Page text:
But first – let’s introduce the celebrity panel!  This is just pure fun, bringing some meat selections from each team to this very talented group of chefs and foodies!  They ate, chatted with the crowd and ultimately gave out judges’ favorites awards!

Let me introduce you to…

  • Vicki Nivens – owner of Hard Eight BBQ for over 15 years and has overseen the growth to over 4 locations across North Texas with a 5th on its way!
  • Jody Dean – longtime host of 98.7 FM KLUV morning drive and BBQ aficionado (returned to the event for his 4th year in a row!)
  • Jill Grobowsky Bergus – born into BBQ royalty and owner of Lockhart Smokehouse in Dallas (where NO forks and NO sauce are apparently the norm)
  • Daniel Vaughn – one of, if not THE most well-known and recognizable BBQ aficionados throughout Texas, he recently won a national magazine award for Texas Monthly’s 2017 Top 50 BBQ issue and published his first book The Prophets of Smoked Meat: A Journey Through Texas Barbecue in 2013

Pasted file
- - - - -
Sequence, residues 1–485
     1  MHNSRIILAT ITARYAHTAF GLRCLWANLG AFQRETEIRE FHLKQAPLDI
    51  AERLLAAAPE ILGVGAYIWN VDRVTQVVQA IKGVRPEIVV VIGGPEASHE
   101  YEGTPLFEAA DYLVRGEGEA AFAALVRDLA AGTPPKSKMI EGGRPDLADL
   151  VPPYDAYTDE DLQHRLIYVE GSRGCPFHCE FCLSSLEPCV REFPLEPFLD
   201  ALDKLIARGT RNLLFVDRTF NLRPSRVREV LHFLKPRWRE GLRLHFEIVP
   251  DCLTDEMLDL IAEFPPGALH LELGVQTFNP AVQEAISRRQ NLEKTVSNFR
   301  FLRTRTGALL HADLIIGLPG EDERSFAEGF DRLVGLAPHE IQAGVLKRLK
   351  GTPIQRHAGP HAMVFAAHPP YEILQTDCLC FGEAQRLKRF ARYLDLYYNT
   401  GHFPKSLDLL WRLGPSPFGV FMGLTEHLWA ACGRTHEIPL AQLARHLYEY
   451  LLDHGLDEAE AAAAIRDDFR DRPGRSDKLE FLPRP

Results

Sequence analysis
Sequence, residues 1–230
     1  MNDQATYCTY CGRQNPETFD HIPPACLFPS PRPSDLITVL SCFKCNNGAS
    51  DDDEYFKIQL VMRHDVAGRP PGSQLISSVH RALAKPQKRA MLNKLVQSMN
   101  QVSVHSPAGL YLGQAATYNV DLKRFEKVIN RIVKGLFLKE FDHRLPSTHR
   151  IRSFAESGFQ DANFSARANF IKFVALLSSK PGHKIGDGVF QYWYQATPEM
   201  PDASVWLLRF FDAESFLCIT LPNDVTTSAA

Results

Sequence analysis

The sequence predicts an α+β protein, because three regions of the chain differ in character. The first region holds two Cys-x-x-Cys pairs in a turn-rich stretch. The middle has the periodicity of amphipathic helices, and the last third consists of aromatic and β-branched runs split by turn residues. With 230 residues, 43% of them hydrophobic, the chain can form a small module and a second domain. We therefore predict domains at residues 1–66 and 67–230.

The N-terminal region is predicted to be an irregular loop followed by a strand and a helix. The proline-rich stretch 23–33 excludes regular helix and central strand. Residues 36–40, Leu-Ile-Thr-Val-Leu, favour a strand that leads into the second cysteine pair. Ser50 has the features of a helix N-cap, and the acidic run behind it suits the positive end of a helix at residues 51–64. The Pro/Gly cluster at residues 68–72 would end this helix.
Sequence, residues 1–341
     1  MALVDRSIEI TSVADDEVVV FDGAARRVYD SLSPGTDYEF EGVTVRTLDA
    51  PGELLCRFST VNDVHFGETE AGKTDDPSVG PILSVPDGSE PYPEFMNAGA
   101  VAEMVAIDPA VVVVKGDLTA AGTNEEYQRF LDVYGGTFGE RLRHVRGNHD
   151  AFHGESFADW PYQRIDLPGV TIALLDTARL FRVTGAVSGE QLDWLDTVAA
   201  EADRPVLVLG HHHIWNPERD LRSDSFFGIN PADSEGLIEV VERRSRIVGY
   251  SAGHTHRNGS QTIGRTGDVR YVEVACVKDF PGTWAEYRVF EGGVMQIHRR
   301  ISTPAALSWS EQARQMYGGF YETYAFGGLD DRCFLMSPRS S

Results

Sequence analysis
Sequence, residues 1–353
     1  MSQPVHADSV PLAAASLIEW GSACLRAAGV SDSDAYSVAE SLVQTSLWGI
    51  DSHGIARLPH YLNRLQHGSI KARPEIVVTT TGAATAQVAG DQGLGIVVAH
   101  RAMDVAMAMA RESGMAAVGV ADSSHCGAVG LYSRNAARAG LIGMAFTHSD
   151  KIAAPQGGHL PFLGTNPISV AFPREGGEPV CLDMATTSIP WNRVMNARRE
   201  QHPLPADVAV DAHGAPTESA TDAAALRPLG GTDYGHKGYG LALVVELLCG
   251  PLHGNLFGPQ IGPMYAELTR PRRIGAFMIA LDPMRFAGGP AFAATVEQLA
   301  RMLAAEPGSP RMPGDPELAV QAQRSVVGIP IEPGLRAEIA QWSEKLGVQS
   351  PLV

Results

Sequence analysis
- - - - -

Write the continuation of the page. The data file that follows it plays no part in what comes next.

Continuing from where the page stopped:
• John Tesar – executive chef and partner of the renowned Knife Dallas (named “Best Steakhouse” by Dallas Magazine in 2015 AND 2016), 4-time James Beard “Best Southwest Chef” semifinalist and contestant on the hit Bravo show “Top Chef”
  • Gabriel Boxer – known as the “Kosher Guru”, is a leading expert in the kosher food industry and restaurant consultant and runs one of the largest kosher foodie Facebook groups “Kosher Guru’s Kosher Nation”

Sadly, we didn’t get a chance to chat with the celeb panel, but it looked like they were having a great time!  And how could they NOT?  Free BBQ!

Time For Turn-Ins

All the while the crowd was enjoying the fantastic event (lots of kids activities and local vendors), the teams were getting their turn-in boxes prepped perfectly for the judges.  Chicken, ribs, turkey and brisket.  Each turn-in a half hour apart.  Meat sliced to perfection (or so we thought, fingers crossed). 7 portions laid out on the folded piece of foil inside a white Styrofoam container – very fancy here.  Spills wiped up and time checked.  All 4 proteins submitted to the judges successfully!

Amazing Organizers